A time of daffodils

As soon as a splash of yellow appears I know spring is on its way. The bright, nodding blooms signal the end of winter’s dark days, reminding us of the joys a new season will bring. It’s not surprising the Cancer Society of New Zealand use the daffodil as their symbol – it represents hope.

Daffodils are easy to grow and require little attention. They are one of our most popular spring-flowering bulbs, and whether you call then narcissus, or daffodil, it really doesn’t matter. Narcissus is the Latin or botanical name for all daffodils and jonquils – daffodil is the common name for all members of the genus narcissus.

My favourite is “King Alfred”, a traditional yellow, plain, long trumpet type. This giant daffodil was first raised in 1890, and named after one of England’s greatest medieval kings. “St Issey”, an early flowering new-comer, has a long stem similar to King Alfred and a large yellow cup – even older than King Alfred are the fragrant double daffodils, Narcissus “Telmoneus Plenus”.Se_14_Daffodils

The dainty, miniature Narcissus bulbocodiu “Citrinus” has bright golden trumpets which open wide, giving the appearance of hoop petticoats. Narcissus cantabricus, another miniature hoop petticoat, has solitary, pure white blooms with small, pointed petals and open trumpets that appear on leafless stems. Although miniature daffodils move easily in the breeze, and look delicate, they are actually quite sturdy, and look delightful at the front of a border.

Golden-eyed “Soleil d’Or” looks great in molten drifts under deciduous trees, or planted randomly in grassy, undisturbed areas. This highly-scented, vigorous daffodil was raised many centuries ago, and produces multi-headed blooms with orange-red trumpets.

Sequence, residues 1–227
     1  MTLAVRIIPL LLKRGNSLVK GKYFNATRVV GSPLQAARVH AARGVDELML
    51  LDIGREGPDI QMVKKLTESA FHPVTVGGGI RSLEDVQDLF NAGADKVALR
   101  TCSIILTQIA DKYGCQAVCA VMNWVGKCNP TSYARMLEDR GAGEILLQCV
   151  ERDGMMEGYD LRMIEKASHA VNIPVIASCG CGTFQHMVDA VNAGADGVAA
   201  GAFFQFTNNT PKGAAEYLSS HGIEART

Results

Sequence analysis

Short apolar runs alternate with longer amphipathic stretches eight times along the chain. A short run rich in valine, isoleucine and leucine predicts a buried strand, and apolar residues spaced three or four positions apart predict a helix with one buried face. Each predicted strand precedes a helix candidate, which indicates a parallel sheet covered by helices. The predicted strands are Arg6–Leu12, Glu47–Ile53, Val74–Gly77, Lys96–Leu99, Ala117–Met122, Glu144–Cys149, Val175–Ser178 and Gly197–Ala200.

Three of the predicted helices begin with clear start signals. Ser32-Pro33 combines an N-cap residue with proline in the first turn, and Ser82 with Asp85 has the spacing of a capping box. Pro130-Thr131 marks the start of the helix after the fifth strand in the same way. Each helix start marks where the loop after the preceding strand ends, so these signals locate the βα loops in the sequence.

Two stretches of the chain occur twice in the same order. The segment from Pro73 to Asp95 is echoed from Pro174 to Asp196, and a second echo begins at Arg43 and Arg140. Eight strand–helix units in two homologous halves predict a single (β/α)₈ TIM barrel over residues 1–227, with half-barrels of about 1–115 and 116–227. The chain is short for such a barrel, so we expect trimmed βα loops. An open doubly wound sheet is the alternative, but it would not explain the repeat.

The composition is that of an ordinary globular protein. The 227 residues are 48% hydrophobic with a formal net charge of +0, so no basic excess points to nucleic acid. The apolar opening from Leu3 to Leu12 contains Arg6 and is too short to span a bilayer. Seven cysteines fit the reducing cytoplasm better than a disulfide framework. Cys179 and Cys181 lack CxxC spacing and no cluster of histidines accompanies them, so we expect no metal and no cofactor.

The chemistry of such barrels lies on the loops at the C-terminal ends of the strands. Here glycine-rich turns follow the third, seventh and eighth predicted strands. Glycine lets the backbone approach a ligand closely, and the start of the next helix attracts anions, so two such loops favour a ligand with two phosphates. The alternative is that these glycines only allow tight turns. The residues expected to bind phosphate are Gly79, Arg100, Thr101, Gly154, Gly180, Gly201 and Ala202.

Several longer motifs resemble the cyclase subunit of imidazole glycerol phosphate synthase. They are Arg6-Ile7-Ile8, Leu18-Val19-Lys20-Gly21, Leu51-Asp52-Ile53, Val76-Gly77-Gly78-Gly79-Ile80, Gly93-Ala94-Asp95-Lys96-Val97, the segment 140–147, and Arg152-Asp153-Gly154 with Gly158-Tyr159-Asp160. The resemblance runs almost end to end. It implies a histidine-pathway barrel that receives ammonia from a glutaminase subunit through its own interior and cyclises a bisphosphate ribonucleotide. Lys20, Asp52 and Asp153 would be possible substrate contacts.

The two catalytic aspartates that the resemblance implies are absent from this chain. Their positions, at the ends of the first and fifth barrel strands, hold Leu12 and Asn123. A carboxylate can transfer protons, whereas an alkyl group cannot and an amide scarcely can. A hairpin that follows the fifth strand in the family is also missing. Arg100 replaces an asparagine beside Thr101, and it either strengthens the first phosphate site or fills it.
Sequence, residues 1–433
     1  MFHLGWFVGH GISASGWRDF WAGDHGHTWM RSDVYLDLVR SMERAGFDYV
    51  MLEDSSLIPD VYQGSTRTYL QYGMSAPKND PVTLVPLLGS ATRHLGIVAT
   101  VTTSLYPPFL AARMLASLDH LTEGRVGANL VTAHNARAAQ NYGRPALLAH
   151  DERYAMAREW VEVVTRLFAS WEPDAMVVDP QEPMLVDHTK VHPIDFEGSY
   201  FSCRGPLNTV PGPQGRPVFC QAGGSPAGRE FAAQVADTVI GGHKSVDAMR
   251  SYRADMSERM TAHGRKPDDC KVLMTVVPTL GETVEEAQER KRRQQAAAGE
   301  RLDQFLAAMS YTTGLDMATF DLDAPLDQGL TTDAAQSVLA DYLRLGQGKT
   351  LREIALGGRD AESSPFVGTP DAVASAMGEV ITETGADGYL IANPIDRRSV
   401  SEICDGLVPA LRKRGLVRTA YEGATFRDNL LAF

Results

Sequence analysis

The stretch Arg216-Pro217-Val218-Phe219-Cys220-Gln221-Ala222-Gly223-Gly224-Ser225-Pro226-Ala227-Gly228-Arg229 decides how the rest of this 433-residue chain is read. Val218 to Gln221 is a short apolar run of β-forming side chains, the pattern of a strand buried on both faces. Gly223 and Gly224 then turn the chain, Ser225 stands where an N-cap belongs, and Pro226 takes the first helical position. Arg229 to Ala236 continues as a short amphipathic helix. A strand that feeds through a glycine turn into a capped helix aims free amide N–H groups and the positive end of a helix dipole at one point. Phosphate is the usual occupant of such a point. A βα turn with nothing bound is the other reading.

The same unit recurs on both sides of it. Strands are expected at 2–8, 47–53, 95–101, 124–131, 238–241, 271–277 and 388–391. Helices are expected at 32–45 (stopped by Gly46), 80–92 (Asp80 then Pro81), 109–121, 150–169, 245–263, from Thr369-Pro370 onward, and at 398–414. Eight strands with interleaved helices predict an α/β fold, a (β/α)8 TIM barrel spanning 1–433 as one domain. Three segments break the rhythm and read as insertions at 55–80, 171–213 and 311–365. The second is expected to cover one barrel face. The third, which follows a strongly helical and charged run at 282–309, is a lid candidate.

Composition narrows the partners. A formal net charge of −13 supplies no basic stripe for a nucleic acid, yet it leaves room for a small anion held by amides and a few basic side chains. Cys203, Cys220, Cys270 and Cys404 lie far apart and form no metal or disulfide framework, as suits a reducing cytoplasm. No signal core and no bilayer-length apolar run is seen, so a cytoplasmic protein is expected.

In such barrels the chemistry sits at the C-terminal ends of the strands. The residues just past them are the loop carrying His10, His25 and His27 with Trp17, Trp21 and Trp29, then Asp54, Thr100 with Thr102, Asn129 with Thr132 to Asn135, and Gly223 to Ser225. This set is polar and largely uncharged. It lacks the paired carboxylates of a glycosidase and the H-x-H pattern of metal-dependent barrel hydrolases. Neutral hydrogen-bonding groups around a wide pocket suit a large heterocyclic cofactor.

The all-time fragrant favourite must be “Earlicheer” with its fluffy, double, creamy-white flowers. Plant this gorgeous daffodil somewhere close, where you can appreciate the highly scented blooms.

When selecting bulbs make sure they are firm, and generally speaking, the larger the bulb, the better the flowering. Plant in a well-drained soil in early autumn, and bury twice as deep as their width. Before planting add peat, compost or well-rotted organic matter, and it’s also a good idea to mix in some bulb food. Make sure you protect new shoots from rampaging slugs and snails!

Daffodils prefer full sun, although they will flower in light shade. They can be left undisturbed for several years, and only need lifting and dividing when over-crowded. Don’t be tempted to tidy up and cut the foliage back, as leaves contain the bulb food supply for following season. Tie foliage in a knot, or fold foliage over and secure with rubber band. If you hate the messy look, disguise by planting annuals and perennials around bulbs. After foliage has dried naturally, it can be removed.

Daffodils also look spectacular in containers, particularly the miniatures. Use a quality potting mix and water regularly. Place the pot in a shady spot until shoots appear, and then bring out into full sun.

No matter where they grow, daffodils are one of the happiest flowers – those swaying heads of yellow, cream and orange make us smile.Se_14_earlicheer